Meanwhile, since the repeal, other bodies have been pondering rebuilding burned bridges with the military.  According to the Huffington Post, most Ivy League schools did away with ROTC programs during the Vietnam era amidst academic power struggles and boiling political tensions.  In its article, “Colleges Reconsider ROTC after DADT Repeal,” HP examines changing attitudes at Yale and other universities.
Although campuses did not “ban” ROTC (it was more a mutual break-up), the divide between university and military comes from a misconception: “People don’t think students want to serve in the military,” Yale sophomore James Campbell claims.  “We [just] haven’t had the same channels as everyone else.”
This may change since Yale president Richard Levin declared after the repeal of DADT that the faculty would consider reintroducing ROTC onto its campus next semester.  Some members of university faculty, including psychology professor Ewart Thomas at Stanford, think that bringing ROTC courses will do little to alleviate what he sees as the intrinsic discrimination against non-heterosexuals in the military.  Others say that military training has nothing to offer academically to students.  Still others shrug their shoulders—the military doesn’t want brainiacs wielding rifles around, do they?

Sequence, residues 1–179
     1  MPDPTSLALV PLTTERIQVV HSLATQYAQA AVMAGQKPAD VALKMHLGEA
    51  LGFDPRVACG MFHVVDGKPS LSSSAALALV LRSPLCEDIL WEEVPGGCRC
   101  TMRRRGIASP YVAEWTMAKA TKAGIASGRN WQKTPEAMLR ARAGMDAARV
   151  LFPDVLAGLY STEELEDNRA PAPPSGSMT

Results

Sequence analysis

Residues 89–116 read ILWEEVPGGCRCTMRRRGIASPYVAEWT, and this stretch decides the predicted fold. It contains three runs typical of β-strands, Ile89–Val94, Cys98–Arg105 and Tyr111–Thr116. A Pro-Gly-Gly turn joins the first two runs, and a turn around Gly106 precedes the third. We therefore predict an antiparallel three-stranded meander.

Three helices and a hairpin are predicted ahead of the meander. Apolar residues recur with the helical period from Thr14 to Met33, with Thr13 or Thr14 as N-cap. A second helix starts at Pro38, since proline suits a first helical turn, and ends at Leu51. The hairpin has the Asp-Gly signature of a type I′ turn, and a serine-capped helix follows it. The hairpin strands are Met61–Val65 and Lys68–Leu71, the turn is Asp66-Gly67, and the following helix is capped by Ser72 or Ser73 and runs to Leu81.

Lt. Col. Steven Alexander (head of the Army ROTC program at Cornell) claims that civil engineering majors and other critical thinkers may be key in upcoming years.  “The military [right now] is solving all sorts of crazy problems we didn’t think we’d have to solve,” he says, “like building a sewer system or an electrical grid in a third world country.”